Back to an objective view of story telling, too, because Harry can do nothing about the scar Horcrux but will be endlessly distracted about the bomb on his forehead, everything in the narrative will stop when his predicament is brought into the light. Of course it has to wait until the last book. Especially if Snape and the gang are using the scar-Horcrux as a means of spoon-feeding Voldemort deceptive information via selective Scar-o-Scope broadcasts from the Headmaster’s office.

Even if we want to pretend the demands of story telling don‚Äôt affect plot revelation timing, and if we accept the Harry-version of events on the Tower, then we can see why Harry doesn‚Äôt learn from the Headmaster about his scar Horcrux. Dumbledore seems to die suddenly and in action to protect Hogwarts and Draco. He does not have time to tell Harry as he dies about the scar Horcrux. I expect the Severus ‚ÄúStoppered Death‚Äù revelation, the Scar Horcrux, and his ‚ÄúStaged Death‚Äù are what he would have wanted to communicate with his two disciples on the Astronomy Tower – but couldn’t, if he really dies on the Tower.

The “Dumbledore didn’t tell him about it” objection is a dog that doesn’t hunt.

3. The third objection to Animampono is that it isn’t Lily’s love per se that saves Harry, it’s something in her blood that he shares. We know this is the case because of Quirrell’s death by contact with Harry’s skin, which Dumbledore (and later, Voldemort) explains as being a property in his Harry’s blood that he has because of his mother’s sacrifice for him. Voldemort has to have Harry’s blood for his Rebirthing party to get past this obstacle. It’s the blood that’s important.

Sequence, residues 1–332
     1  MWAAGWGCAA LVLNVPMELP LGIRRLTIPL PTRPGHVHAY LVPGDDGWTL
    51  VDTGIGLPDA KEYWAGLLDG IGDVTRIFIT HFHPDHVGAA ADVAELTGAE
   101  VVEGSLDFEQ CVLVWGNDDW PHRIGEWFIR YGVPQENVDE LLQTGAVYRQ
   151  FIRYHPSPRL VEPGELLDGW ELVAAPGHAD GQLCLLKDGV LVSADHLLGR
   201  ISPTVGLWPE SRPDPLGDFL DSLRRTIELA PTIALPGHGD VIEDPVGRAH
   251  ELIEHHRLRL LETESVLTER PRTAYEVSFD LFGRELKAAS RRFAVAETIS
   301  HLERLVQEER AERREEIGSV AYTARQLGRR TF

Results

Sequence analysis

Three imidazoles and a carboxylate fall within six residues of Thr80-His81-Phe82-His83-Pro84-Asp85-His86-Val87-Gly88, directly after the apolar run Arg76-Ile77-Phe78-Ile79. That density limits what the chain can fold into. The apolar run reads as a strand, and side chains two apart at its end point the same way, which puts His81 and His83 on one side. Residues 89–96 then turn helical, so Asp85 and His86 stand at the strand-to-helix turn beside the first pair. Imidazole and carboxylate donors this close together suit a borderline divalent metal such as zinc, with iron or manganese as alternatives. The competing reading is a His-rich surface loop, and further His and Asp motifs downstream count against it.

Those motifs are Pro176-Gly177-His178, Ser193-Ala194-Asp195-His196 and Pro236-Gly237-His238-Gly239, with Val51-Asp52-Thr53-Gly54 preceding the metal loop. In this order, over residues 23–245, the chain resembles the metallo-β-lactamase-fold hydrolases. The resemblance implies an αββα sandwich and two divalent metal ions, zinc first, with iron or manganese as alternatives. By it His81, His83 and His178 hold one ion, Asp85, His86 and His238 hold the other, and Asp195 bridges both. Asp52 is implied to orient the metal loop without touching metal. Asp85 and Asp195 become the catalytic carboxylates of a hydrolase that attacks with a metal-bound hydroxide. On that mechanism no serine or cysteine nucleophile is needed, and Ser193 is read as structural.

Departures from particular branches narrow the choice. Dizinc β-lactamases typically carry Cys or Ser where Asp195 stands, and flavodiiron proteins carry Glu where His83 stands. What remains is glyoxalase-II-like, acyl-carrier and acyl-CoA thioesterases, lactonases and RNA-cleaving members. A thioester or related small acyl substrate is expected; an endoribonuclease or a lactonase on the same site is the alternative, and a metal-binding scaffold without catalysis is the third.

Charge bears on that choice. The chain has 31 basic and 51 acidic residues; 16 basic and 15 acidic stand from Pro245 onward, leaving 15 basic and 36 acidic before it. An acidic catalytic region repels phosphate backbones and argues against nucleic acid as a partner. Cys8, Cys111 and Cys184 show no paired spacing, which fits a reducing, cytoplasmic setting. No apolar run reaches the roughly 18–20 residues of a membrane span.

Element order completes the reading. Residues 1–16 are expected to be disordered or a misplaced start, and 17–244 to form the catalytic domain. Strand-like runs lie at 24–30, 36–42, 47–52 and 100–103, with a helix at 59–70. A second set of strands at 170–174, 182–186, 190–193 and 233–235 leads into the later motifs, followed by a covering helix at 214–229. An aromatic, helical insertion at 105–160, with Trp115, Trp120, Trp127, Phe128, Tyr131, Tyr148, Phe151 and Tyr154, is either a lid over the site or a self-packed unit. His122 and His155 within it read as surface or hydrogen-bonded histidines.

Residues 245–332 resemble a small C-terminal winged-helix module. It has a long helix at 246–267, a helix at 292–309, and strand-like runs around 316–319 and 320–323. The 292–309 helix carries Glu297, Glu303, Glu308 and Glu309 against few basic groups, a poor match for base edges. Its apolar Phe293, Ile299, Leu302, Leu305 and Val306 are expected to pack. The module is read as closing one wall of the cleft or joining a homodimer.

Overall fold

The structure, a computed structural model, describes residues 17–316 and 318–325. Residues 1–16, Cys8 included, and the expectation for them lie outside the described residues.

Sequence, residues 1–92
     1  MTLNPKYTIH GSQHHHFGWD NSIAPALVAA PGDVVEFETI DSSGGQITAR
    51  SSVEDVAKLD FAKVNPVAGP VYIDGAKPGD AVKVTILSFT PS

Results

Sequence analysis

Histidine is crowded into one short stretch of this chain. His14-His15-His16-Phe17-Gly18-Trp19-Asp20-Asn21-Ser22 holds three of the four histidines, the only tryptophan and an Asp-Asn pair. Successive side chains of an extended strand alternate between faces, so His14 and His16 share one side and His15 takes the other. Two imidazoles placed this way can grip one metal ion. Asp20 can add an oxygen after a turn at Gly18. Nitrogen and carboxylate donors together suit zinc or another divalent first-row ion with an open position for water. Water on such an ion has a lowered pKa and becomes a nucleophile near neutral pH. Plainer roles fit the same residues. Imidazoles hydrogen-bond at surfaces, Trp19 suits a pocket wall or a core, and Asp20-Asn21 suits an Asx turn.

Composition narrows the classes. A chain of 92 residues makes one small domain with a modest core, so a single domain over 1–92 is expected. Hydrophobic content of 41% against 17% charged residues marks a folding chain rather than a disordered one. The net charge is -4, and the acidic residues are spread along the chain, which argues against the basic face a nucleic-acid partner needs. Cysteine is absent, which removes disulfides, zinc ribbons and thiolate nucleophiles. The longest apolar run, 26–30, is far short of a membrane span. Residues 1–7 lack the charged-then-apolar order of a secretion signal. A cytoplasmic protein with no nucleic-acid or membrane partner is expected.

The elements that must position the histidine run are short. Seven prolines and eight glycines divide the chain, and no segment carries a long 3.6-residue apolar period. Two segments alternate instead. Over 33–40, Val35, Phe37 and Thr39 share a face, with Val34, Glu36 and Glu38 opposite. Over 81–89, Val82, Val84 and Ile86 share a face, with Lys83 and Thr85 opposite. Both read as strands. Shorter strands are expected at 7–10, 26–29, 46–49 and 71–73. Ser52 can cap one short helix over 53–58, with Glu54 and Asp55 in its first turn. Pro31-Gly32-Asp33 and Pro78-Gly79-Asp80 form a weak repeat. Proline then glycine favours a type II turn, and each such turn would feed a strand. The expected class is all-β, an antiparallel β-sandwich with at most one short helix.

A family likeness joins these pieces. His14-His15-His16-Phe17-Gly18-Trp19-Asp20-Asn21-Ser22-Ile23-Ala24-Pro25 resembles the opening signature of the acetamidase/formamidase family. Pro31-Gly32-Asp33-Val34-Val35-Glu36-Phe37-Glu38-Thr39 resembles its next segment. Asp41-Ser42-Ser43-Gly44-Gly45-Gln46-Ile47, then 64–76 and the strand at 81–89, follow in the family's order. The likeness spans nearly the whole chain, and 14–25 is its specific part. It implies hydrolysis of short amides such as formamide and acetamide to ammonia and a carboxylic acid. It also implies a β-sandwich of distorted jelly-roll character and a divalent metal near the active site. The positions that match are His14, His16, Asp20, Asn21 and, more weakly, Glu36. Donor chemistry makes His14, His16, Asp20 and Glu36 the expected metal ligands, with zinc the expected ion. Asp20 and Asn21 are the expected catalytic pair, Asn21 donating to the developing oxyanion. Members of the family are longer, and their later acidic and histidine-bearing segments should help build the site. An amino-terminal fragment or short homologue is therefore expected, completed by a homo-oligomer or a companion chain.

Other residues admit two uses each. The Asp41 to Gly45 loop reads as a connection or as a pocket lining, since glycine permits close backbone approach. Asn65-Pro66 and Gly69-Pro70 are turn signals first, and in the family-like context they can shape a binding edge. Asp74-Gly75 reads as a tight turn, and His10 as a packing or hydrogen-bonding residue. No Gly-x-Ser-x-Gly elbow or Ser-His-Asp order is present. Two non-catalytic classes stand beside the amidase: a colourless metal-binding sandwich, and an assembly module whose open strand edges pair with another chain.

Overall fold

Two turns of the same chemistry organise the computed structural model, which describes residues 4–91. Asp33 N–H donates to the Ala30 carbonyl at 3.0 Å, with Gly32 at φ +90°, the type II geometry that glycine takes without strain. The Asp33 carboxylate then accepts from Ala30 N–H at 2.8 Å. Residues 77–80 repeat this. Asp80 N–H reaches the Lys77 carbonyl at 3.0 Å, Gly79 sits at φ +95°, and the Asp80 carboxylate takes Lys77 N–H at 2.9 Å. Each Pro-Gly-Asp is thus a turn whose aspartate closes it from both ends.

The blood issue is an important point. My first thought, though, is that the blood only becomes relevant and important after Harry has survived the Death Curse. Blood doesn‚Äôt save him there, but, because of the ancient magic Dumbledore calls on to make the Dursley’s home a sanctuary for Harry, it protects him from the touch of evil men. His sister has the same blood as Harry’s mum, the magic requires a bond of blood between protected and protecting sacrifice-blood, voila, advent of blood issue.

Some readers may think that it is actually Lily’s spilt blood that saves Harry (in an echo of Calvary?) but this is atextual speculation. There‚Äôs no mention of a killing curse spilling blood. Certainly, though, there is a positive and negative meaning of “blood” in these books, the positive being the bond that invites loving sacrifice (e.g., Hagrid and Grawp), the negative being the Pride of clan that is blood’s demonic parroting (the Purebloods). I doubt that Lily’s blood had anything to do with Harry’s being saved rather than something which becomes important because of how it protects him. This ‚Äúblood magic‚Äù is, I think, a reference to the Eucharist.